In South Korea last week, The Ministry of Commerce, Industry and Energy announced plans to draft a Robot Ethics Charter. It will require manufacturers and customers to program robots with specific moral values affecting how they interact with humans. The ministry believes this is necessary since robots are expected to develop strong intelligence in the near future.
Park Hye-Young, a member of the ministry's robot team, said the charter will reflect The Three Laws of Robotics first proposed by Isaac Asimov in the 1942 short story Runaround.
1. A robot may not injure a human being or, through inaction, allow a human being to come to harm;According to Park, low birth rates and an aging population have made the adoption of robots in "service" roles an important part of the government's future-planning. Last year The Ministry of Information and Communication stated it hoped to have a robot in every South Korean household between 2015 and 2020.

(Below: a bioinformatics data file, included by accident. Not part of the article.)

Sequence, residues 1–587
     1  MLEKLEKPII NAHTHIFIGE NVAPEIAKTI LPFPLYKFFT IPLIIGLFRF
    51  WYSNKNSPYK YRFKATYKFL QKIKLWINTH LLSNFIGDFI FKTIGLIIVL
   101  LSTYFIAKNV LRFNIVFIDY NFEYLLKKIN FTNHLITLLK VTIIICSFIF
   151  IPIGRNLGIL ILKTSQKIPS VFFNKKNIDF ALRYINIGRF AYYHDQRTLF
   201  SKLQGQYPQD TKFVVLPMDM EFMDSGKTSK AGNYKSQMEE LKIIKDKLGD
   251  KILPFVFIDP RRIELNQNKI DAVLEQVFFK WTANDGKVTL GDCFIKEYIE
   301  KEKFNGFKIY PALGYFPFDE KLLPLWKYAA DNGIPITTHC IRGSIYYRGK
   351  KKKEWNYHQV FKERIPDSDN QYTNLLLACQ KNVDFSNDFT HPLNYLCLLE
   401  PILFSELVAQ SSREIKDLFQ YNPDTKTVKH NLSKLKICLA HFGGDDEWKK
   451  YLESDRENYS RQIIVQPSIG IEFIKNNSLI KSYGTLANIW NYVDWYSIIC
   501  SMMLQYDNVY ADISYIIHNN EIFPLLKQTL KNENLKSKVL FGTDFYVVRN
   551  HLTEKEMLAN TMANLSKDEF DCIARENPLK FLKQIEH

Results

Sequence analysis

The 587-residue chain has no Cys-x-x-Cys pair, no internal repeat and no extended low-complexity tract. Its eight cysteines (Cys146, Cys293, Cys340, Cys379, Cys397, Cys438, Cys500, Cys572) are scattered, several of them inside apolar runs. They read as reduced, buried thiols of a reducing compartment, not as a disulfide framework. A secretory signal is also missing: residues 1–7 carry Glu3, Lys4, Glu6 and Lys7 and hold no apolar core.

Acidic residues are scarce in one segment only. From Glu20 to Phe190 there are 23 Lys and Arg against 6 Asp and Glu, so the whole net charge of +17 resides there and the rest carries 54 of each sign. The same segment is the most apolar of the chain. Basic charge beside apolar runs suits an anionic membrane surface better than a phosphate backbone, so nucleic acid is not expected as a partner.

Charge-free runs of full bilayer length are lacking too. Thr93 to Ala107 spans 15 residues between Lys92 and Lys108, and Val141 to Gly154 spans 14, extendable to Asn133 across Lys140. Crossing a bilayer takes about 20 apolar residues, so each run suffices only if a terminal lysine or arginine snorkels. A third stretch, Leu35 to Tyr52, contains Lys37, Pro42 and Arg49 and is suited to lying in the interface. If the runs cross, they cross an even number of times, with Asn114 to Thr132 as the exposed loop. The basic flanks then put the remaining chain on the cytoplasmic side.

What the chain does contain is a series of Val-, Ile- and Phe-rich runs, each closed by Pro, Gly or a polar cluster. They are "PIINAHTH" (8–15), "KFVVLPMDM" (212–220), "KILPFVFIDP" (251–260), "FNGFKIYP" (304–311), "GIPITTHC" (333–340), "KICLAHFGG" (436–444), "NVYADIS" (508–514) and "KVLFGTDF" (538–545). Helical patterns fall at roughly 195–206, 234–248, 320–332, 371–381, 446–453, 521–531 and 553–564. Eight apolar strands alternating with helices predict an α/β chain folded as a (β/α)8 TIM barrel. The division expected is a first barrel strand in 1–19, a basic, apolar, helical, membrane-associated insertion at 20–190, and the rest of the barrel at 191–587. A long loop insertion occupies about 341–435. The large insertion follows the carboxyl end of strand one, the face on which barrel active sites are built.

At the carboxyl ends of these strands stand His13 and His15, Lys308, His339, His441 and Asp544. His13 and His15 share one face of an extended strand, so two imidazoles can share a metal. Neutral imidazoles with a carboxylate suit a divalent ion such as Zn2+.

2. A robot must obey orders given it by human beings except where such orders would conflict with the first law;
3. A robot must protect its own existence as long as such protection does not conflict with the first or second law.
Imagine if some people treat androids as if the machines were their wives. Others may get addicted to interacting with them just as many internet users get hooked to the cyberworld.
Will we be seeing them on Critical Mass anytime soon?